I would also create a clear pathway to citizenship for all the 11M+ undocumented individuals living here now. This wouldn’t be a free-for-all. Not at all. There would be rules and requirements and they would absolutely have to be followed. For the life of me, I cannot understand why people are afraid of this. These people are already living and working here and making meaningful, invaluable contributions to the fabric of American society. During the COVID lockdowns, an estimated 50% of these individuals were working as essential workers. So, No, “sending everyone home” makes zero sense. It’s not feasible, first of all, but also and more to the point, it wouldn’t be good policy for the country. We simply have to stop being afraid of the false narratives of the anti-immigration camp. Do we really believe that immigrants are “stealing” jobs from American citizens?
3. Term Limits
In case it’s not already abundantly clear to you: we have a serious talent problem in Congress. This might be the ultimate threat to the American experiment. A democracy is only as good as its elected leaders and ours are well…just watch C-Span for an hour and let me know how that makes you feel.
To address this systemic problem, I would do two things: 1. I would introduce term limits for both the House and the Senate and 2. I would dramatically increase the pay rates for elected officials. The idea here is to provide a real incentive for our best and brightest to actually want to run for office. What we have today is just untenable. We’ve seen what it produces — career politicians, many of which serve for decades, who make way more money from their side gigs than they do from their government salaries (how can that be a good thing!?). My idea here is to introduce some real competition to the system. Let’s give bright Americans a reason to consider sacrificing their lucrative private sector careers for public service. Let’s bring back honor and prestige to government and get rid of the incentives to corruption that have infected our democracy.
It’s no secret as well that we have a massive civic engagement problem. To address this existential problem, I would introduce a requirement for every citizen to do one year of service to the community. This year of service could be in everything from the military to the peace corps to working for local community-based non-profits. The idea is simple: to teach people how to accept the immense responsibilities of citizenship. For a democracy to work, we cannot just go through life concerned with our “rights.” We have to be willing to accept the responsibilities as well. I think a year of service could serve as an effective catalyst for the rebirth of the true American moral fiber.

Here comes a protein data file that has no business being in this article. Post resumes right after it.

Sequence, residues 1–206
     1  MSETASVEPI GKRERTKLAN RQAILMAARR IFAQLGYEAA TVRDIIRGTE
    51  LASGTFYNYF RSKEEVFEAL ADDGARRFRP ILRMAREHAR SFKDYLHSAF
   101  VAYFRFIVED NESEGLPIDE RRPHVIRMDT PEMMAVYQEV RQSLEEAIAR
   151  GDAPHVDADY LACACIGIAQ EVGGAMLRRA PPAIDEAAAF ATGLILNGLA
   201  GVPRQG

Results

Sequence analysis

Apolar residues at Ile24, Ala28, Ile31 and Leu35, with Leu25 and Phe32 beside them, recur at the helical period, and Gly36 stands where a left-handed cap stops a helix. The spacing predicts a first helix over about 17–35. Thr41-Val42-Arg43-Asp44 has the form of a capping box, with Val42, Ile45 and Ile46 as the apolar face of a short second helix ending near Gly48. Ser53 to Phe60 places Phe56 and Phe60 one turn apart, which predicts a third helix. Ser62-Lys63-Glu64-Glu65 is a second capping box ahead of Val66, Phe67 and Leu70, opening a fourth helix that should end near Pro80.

4. Benevolent, Pro-Freedom Foreign Policy with Extra Focus on Western Hemisphere
Finally, from day one in office, I would pursue a benevolent, pro-freedom foreign policy agenda with a special emphasis on the Western Hemisphere. One of the things we’ve lost sight of in America is our unique historical responsibility for freedom. We are a world superpower — quite literally, the most powerful nation in recorded human history. And with a position like that comes immense responsibility. In the comforts of modern prosperity, it’s easy to take things for granted and forget what a world without America could look like. But that’s a big mistake.
I believe it is our destiny to preserve freedom in the world and our foreign policy should be a reflection of that. I’m not an advocate for military adventurism but I think America should generously support countries committed to preserving and promoting freedom in the world and shouldn’t be afraid to use the threat of our military might in support of global peace and justice. We should also start paying more attention to our closest neighbors. We have an incredible opportunity to develop a Western Hemisphere based coalition that could easily be the most powerful economic force in the global economy.
There are other issues that I would try to address in my four years but I would take my time to ensure I implement the right policies.
Here are the issues on my radar:
Tax Reform — some kind of switch from an income to a consumption tax regime seems to make the most sense
Education Reform — we need to dramatically increase the financial incentives and prestige for teachers
Gun Control — it’s so obvious that it should be much more difficult to purchase a weapon in this country
Mandatory Carbon Credits — to make any progress on climate change we have to start taxing carbon and incentivizing people and companies away from carbon producing activities
Mental Health Reform — we need a large, permanent funding stream coupled with some kind of reasonable ability for government to take action against people who engage in self-destructive behavior
Regulations Against Psychologically Manipulative Technologies — this is already a growing problem and looks like it could get worse as technology evolves
Reproductive Rights — codifying the framework of Roe v Wade
Nick Halaris is a real estate investor and developer. He’s the founder and President of Metros Capital and publisher of Profit.